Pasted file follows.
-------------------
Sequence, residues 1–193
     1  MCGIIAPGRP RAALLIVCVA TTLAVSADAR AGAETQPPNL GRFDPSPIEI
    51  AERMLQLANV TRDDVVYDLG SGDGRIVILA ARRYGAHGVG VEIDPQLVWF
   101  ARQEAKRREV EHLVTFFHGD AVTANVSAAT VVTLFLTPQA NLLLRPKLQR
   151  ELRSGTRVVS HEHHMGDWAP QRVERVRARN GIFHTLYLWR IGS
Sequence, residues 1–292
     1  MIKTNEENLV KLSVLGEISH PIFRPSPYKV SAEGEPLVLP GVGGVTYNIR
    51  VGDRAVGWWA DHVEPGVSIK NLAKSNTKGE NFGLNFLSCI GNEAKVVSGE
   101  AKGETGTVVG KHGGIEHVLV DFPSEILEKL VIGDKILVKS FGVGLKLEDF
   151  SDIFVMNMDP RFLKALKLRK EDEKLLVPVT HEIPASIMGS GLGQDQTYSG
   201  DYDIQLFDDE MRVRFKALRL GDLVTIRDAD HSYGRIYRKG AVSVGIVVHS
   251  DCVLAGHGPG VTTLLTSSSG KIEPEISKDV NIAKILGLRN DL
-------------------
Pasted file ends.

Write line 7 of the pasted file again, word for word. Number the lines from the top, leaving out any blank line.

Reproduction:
     1  MIKTNEENLV KLSVLGEISH PIFRPSPYKV SAEGEPLVLP GVGGVTYNIR